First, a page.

column ind1_when format 9999

set null N/A

	case when col2 is null then cast (null as int) else col1 end	ind1_is,
	case col2 when null then cast (null as int)  else col1 end	ind1_when

The strategy is simple, you create a unique function-based index with two columns; the first column of the index id defined to show the first column of the table if the second column of the table is not null, the second column of the index is simply the second column of the table. So if the second column of the table is null, both columns in the index are null and there is no entry in the index; but if the second column of the table is not null then the index copies both columns from the table and a uniqueness test applies.

Based on the requirement and definition you would expect the first 4 of my insert statements to succeed and the last one to fail. The index will then have two entries, corresponding to my 3rd and 4th insertions.

I’ve actually shown three ways to use the case statement to produce the first column of the index. The last version is the cleanest, but the first option is the one I first thought of – it’s virtually a literal translation the original requirement. The trouble is, with my first definition the index acquired an entry it should not have got, and the second insert raised a “duplicate key” error; the error didn’t appear when I switched the syntax of the case statement to the second version.

That’s why the closing query of the demo is there – when you run it the two values reported should be the same as each other for all four rows in the table – but they’re not. This is what I got on

------- ---------
N/A             1
N/A             1
      1         1
      1         1

I’m glad I did a quick test before suggesting my original answer.

Anyone who has other versions of Oracle available is welcome to repeat the test and report back which versions they finding working correctly (or not).


It’s not a bug (see note 2 below from Jason Bucata), it’s expected behaviour.



Filed under: Function based indexes,Indexing,Oracle — Jonathan Lewis @ 6:24 pm BST Apr 2,2014

The following question came up on OTN recently:

Which one gives better performance? Could please explain.

1) nvl( my_column, ‘N’) <> ‘Y’

2) nvl( my_column, ‘N’) = ‘N’

It’s a question that can lead to a good 20 minute discussion – if you were in some sort of development environment and had a fairly free hand to do whatever you wanted.

The most direct answer is that you could expect the performance to be the same whichever option you chose – but the results might be different, of course, unless you had a constraint on my_column that ensured that it would hold only null, ‘Y’, or ‘N’.  (Reminder:  the constraint check (my_column in (‘Y’,’N’) will allow nulls in the column).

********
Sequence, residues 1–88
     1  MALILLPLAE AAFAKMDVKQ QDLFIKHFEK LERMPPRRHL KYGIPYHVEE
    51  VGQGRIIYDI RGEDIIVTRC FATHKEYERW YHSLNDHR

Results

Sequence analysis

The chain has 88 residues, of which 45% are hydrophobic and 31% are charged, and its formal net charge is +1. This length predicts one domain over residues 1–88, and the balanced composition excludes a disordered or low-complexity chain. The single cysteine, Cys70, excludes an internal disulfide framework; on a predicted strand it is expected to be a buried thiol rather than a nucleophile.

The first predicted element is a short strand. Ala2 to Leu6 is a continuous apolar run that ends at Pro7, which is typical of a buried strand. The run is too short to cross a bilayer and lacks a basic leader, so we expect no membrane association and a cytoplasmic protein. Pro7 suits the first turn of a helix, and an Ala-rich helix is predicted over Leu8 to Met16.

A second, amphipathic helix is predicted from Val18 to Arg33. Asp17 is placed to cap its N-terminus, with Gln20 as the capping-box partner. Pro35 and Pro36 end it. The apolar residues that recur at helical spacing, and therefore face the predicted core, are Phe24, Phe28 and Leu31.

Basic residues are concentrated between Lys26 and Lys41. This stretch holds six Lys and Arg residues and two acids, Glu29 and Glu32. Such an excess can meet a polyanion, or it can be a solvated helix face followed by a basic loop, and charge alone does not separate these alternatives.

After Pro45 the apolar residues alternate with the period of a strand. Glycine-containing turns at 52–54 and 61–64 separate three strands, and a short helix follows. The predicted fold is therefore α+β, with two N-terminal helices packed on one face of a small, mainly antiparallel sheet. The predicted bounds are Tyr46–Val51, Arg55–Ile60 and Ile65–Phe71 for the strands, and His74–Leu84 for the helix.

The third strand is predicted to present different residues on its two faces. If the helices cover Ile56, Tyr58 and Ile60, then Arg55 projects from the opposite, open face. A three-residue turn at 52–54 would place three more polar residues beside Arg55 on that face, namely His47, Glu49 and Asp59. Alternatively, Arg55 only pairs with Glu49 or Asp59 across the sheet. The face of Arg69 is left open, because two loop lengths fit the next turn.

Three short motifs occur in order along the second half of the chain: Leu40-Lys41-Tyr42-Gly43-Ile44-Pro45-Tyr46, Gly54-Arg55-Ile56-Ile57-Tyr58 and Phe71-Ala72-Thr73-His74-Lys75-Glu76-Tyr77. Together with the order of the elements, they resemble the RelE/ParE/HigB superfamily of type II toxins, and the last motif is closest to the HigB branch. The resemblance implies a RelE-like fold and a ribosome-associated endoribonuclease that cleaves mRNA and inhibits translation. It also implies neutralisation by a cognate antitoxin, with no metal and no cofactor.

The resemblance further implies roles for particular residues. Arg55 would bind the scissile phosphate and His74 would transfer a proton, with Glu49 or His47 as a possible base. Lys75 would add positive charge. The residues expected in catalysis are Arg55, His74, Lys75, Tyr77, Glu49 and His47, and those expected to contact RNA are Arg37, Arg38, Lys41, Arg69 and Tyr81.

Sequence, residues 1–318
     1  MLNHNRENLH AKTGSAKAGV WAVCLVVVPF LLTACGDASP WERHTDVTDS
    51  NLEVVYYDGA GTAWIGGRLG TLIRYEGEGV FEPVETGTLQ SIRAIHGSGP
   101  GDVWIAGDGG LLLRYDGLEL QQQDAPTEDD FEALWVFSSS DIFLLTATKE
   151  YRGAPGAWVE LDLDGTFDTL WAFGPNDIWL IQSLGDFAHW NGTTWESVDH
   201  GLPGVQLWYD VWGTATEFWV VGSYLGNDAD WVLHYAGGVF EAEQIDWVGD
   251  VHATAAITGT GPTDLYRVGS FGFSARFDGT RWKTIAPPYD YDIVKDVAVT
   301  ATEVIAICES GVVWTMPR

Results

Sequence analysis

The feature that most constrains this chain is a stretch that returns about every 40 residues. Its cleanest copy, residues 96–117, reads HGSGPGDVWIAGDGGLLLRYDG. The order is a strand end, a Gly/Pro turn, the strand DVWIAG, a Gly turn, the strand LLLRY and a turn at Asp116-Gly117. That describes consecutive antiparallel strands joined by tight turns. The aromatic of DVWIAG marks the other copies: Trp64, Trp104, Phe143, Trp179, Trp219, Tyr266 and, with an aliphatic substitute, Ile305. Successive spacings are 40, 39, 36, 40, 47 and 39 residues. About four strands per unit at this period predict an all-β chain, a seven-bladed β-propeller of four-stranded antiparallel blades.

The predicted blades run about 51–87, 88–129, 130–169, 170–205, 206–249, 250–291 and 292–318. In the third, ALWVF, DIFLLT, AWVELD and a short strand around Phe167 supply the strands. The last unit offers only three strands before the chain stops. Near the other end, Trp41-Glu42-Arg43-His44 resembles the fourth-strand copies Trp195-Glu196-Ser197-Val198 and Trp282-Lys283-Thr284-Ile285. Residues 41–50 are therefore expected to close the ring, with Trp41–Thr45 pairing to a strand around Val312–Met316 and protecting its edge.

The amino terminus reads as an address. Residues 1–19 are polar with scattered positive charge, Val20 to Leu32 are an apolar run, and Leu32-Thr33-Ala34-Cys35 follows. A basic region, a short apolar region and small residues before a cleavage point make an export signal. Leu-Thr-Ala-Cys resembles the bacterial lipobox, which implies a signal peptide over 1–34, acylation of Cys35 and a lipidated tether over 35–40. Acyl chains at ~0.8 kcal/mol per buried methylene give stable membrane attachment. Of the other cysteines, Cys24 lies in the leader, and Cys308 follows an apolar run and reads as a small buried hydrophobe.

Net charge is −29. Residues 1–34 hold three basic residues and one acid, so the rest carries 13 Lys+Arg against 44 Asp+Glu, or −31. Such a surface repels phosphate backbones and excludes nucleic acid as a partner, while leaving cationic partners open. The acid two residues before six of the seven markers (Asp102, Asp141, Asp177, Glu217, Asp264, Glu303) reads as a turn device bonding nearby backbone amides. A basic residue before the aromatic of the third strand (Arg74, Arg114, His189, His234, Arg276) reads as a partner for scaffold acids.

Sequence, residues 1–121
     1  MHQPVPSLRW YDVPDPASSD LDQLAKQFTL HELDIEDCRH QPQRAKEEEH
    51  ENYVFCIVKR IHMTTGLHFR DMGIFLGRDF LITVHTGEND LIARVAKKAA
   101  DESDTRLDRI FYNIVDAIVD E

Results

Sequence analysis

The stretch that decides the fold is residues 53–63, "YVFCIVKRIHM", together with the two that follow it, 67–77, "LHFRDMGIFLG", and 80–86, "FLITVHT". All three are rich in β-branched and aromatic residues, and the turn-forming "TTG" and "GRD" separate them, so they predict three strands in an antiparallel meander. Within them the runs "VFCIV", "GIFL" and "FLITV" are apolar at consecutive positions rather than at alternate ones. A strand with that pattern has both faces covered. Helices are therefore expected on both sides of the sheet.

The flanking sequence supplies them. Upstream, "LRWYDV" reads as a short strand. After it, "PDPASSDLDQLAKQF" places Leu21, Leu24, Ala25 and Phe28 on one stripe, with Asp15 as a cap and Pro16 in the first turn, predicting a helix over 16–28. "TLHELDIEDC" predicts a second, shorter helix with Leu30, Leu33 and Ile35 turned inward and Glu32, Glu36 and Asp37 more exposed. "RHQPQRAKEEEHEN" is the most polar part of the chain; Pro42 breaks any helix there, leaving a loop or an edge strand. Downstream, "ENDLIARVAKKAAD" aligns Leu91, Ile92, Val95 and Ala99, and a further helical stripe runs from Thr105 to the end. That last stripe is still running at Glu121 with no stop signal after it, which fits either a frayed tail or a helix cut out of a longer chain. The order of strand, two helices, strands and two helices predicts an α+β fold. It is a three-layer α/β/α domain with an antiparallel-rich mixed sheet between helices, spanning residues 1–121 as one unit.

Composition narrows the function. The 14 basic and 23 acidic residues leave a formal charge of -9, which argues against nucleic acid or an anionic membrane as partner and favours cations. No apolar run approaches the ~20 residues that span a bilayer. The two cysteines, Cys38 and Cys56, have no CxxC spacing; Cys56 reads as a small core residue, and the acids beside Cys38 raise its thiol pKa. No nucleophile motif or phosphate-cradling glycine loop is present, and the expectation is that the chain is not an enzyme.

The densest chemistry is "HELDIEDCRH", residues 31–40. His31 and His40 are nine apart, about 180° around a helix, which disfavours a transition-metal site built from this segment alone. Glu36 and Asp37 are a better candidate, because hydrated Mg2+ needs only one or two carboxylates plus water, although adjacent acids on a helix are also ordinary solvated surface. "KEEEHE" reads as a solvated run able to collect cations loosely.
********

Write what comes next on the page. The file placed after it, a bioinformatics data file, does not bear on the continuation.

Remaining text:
On the other hand, if you create a function-based index on nvl(my_column,’N’) then the second option would give the optimizer the opportunity to use the index – which could make it the more efficient option if a sufficiently small quantity of the data from a large table matched the predicate. Of course in this case you would need a histogram on the hidden column definition supporting the index so that the optimizer could detect the data skew.

But if a function-based index is a step in the right direction it’s worth thinking about how to pick the best function-based index.

create index t1_i1 on t1(case my_column when 'Y' then null else 'N' end);

execute dbms_stats.gather_table_stats(user,'t1',method_opt=&gt;'for all columns size 1');

select * from t1 where case my_column when 'Y' then null else 'N' end = 'N';

Provided you can change the queries that use the original predicate, you can create a function-based index that is the smallest possible index to assist your query, and you won’t need a histogram to allow the optimizer to get the correct cardinality since there will be just one distinct value in the index (and the underlying column).

It’s possible to go a little further – what if the typical query that started this discussion was really something like:

select  *
from    t1
where   nvl(my_column, 'N') = 'N'
and     other_column = {some value}

If the nvl() predicate always returned a small fraction of the data we might engineer an index to handle the requirement of the entire where clause:

create index t1_i2 on t1(case my_column when 'Y' then null else other_column end);
execute dbms_stats.gather_table_stats(user,'t1',method_opt=&gt;'for all hidden columns size 254');

In this case you might need a histogram on the hidden column definition supporting the index, which is why I’ve changed my method_opt. We’ve constructed an index that is the smallest possible index that will satisfy the query as precisely as possible while giving the optimizer the best chance of producing accurate cardinality estimates. [Update: until the appearance of Kirill’s comment (#1) I forgot to point out that once again you have to change the original SQL from using the nvl() expression to using a case expression that matches the index.]


It would be easy to fall into the trap of playing around with this type of tweaking every time you hit a performance problem. Bear in mind, though, that even indexes which are as small and accurately targeted as possible can introduce various types of overhead (contention, cost of gathering stats, instability of histogram collection); so always try to think through the potential costs as well as the benefits of such an approach – is it really worth the effort.